Things that have happened/appeared in the press as a result of the prize:
Here is an article that talks about the Edge Hill Prize and its winner, Jeremy Dyson.
At the prize ceremony I met Derek Neale a fiction writer who helped design and write course materials for the Open University writing courses. I was thrilled to meet the man whose writing exercises scaffolded my early attempts at fiction. Derek encouraged me to continue to work towards becoming an Open University tutor, something I've wanted to do ever since I began my first OU module, Start Writing Fiction (I'll stop here or this entry could easily morph into a blog entitled 'The Open University changed my life' which it did, in more ways than I have time to list right now). The Open University have subsequently interviewed me about my time studying with them and winning the Edge Hill MA prize and I will link to the interview at the OU community online when it is available.
This morning a friend pointed out to me that Mslexia guest editor Christina Patterson mentioned my story in her commentary about the selection process for Issue 46. 'Just in Case' (or 'Baby Skeleton' as it was called when I submitted it in January - I changed the title to allow for more surprise) was described as 'a macabre glimpse into the life of a woman who worked in a handbag shop' and 'one of a number that could easily have made it into the final six.' When 'Just in Case' and another story, 'Sinking' came back from Mslexia with a note saying they had both been shortlisted for publication but that neither had made the final cut, I wondered if "shortlisted" was a euphemism for "binned", but apparently not!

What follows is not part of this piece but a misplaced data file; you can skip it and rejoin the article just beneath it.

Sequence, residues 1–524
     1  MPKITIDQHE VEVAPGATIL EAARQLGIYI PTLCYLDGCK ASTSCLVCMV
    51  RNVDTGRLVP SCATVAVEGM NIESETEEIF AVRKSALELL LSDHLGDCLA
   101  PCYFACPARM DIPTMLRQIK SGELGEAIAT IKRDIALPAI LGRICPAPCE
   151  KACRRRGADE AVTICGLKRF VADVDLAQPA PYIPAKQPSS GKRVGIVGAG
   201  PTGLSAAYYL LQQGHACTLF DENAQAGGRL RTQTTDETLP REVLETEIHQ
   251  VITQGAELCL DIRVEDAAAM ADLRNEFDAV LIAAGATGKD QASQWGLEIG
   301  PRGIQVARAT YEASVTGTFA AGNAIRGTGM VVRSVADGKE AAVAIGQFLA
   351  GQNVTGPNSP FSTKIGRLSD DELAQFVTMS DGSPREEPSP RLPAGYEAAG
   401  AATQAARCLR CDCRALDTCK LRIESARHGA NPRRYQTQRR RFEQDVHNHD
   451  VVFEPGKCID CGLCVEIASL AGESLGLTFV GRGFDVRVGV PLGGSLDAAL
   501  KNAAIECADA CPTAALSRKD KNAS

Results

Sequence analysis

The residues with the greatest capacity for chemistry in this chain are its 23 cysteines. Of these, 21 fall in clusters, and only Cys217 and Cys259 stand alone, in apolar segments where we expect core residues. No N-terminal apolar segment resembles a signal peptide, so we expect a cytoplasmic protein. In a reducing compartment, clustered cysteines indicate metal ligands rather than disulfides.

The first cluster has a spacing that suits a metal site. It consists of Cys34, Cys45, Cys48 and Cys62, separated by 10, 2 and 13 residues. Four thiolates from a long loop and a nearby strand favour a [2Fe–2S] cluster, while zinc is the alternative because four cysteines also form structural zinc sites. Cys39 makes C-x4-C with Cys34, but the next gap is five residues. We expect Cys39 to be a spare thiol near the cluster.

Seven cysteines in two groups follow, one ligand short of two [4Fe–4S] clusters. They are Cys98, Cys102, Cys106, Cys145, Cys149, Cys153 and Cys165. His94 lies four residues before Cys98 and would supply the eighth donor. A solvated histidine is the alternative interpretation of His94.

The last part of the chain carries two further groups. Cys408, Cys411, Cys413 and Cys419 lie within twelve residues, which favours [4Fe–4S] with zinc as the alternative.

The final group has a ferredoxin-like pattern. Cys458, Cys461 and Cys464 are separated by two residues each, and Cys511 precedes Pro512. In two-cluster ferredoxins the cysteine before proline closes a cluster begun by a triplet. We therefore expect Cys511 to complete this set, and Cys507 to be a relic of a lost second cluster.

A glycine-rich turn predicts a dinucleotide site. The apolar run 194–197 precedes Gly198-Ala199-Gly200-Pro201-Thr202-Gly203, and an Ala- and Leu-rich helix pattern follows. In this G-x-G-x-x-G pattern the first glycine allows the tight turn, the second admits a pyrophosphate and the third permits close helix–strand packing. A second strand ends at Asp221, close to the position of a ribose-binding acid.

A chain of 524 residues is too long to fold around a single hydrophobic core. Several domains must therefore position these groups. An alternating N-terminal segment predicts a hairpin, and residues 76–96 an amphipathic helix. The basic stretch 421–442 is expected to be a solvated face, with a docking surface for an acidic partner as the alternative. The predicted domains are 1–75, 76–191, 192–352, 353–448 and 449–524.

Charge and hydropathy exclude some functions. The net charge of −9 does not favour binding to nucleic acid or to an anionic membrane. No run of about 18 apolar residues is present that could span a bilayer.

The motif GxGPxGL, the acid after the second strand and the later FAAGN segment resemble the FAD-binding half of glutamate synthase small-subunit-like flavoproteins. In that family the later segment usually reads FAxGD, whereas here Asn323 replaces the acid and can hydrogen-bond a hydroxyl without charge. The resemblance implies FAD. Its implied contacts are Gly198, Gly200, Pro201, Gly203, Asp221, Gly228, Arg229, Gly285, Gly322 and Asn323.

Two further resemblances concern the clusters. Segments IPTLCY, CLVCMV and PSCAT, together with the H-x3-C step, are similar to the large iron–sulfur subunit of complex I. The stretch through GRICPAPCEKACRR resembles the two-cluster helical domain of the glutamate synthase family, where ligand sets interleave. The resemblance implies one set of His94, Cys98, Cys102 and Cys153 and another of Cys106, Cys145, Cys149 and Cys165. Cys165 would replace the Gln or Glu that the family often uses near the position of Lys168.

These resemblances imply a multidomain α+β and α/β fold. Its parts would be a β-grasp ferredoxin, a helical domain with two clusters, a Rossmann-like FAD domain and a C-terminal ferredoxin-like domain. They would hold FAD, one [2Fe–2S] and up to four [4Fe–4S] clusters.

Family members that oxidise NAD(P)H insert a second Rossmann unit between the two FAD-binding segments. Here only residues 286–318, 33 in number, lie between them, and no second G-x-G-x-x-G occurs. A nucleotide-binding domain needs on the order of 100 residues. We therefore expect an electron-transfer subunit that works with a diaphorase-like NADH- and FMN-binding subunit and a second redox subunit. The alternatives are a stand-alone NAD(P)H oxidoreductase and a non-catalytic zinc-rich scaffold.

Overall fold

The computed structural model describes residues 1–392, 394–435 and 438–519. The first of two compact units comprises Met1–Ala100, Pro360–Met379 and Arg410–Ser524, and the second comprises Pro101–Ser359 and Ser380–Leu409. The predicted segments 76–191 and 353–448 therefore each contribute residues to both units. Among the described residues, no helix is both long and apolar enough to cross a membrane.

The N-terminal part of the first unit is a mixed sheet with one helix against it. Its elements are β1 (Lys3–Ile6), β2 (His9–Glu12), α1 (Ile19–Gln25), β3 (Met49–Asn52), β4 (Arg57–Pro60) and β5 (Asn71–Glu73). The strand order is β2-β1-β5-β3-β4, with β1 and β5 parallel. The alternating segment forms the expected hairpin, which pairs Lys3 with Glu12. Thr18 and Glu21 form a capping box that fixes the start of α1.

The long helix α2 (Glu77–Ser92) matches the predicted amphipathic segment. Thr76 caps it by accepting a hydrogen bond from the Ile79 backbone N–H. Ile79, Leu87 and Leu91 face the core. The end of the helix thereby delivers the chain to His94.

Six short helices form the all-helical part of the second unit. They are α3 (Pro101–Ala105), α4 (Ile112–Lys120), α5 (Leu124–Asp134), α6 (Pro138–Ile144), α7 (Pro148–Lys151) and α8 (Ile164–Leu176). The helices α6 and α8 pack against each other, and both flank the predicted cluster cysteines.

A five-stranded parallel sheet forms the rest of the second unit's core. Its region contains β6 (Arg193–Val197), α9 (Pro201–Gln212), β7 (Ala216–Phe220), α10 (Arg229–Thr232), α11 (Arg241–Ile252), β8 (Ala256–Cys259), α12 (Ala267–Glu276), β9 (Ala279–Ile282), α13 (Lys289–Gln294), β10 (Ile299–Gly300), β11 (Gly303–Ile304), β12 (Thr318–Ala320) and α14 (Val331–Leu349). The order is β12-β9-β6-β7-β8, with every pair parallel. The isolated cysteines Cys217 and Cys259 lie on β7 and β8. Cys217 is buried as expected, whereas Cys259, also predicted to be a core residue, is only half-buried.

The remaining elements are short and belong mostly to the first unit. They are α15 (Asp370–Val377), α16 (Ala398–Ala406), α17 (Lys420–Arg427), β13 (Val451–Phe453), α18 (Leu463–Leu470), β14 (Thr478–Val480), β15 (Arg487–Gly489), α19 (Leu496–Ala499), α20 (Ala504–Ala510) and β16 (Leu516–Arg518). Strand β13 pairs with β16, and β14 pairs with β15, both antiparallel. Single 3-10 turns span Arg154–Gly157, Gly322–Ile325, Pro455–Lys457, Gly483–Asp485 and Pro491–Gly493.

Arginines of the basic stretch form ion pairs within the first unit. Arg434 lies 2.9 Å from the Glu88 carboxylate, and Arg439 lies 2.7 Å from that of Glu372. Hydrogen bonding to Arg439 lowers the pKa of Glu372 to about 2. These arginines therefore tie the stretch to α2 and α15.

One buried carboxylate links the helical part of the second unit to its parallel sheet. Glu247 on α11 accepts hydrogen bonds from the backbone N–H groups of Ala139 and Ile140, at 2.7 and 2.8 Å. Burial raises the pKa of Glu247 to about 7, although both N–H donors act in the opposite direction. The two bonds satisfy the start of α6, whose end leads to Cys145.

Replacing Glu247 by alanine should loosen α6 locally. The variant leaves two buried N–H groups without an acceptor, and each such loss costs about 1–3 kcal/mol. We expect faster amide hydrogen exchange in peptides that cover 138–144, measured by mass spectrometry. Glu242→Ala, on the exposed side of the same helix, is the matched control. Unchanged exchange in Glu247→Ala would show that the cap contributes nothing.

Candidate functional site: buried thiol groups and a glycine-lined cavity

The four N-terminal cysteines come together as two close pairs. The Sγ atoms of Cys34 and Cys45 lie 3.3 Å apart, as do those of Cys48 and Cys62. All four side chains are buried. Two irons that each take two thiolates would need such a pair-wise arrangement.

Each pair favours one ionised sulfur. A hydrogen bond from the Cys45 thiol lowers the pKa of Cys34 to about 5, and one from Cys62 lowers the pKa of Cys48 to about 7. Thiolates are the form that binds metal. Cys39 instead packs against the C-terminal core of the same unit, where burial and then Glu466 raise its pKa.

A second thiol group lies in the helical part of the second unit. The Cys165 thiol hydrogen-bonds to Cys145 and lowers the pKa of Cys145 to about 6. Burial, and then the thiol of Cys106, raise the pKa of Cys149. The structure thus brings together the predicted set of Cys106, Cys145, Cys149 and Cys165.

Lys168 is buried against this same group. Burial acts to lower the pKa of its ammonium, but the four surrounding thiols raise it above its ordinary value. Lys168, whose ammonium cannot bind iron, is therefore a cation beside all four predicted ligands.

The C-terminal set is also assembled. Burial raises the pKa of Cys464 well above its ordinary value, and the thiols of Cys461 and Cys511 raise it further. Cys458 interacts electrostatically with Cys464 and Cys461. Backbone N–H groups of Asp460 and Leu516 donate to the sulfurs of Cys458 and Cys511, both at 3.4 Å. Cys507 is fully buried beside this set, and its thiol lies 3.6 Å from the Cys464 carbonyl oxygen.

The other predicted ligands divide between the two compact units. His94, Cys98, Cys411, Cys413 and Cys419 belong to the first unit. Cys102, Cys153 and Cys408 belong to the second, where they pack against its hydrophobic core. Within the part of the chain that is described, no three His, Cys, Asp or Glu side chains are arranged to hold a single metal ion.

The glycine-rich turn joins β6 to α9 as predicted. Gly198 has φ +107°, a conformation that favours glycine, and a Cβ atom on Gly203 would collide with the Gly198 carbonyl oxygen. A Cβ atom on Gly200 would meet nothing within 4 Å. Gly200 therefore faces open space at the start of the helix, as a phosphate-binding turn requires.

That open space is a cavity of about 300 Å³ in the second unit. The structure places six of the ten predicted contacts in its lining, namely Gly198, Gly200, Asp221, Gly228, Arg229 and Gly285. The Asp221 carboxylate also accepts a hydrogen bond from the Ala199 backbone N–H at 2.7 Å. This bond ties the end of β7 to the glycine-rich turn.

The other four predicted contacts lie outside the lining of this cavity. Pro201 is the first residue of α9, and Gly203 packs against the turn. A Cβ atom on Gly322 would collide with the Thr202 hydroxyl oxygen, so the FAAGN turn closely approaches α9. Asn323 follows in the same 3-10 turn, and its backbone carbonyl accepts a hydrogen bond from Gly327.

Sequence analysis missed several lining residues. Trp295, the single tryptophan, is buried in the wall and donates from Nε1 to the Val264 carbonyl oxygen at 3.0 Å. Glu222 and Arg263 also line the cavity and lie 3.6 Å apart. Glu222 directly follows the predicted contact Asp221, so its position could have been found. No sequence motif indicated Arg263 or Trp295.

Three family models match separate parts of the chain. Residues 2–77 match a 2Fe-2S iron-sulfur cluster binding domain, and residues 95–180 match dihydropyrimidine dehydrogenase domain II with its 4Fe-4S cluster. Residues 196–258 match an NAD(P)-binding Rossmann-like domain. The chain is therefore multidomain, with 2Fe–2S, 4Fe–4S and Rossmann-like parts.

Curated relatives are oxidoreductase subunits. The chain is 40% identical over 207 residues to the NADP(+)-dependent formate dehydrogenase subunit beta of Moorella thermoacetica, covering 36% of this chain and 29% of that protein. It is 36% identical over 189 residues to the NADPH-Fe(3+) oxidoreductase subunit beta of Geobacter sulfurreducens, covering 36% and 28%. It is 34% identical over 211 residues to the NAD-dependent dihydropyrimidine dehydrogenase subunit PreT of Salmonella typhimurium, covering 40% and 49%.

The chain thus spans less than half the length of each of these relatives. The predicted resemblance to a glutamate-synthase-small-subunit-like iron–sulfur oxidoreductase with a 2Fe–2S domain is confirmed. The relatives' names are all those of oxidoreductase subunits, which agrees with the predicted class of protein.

I did an interview for Radio Four's Front Row earlier this week which I will blog about at some point.
Above is the local newspaper's coverage. They essentially took the article straight from Edge Hill's PR department, but changed the headline to 'Mum Scoops Top Literary Award' demonstrating their incredible propensity for exaggeration. They also included an obligatory local paper mistake by getting the only text for which they were responsible wrong: Cerys Bray appears below the strangely shaped photograph!
Here Edge Hill's article about the MA prize. It's popped up in other places too such as here. It's odd to see myself described as 'Southport Mum', but I am a mum and I do live in Southport, so it's an accurate description, if not the one I would have necessarily chosen for myself in these circumstances.
To the right is another piece from a local paper which I assume must have been picked up from the Edge Hill website. They've ratcheted up the 'mum' descriptions by referring to me as 'mum-of-four'.
As a result of the prize, two agents have read 'Just in Case'. One has asked to read further stories, while the other has expressed an interest should I write a novel in the future. It's been a very exciting 12 days.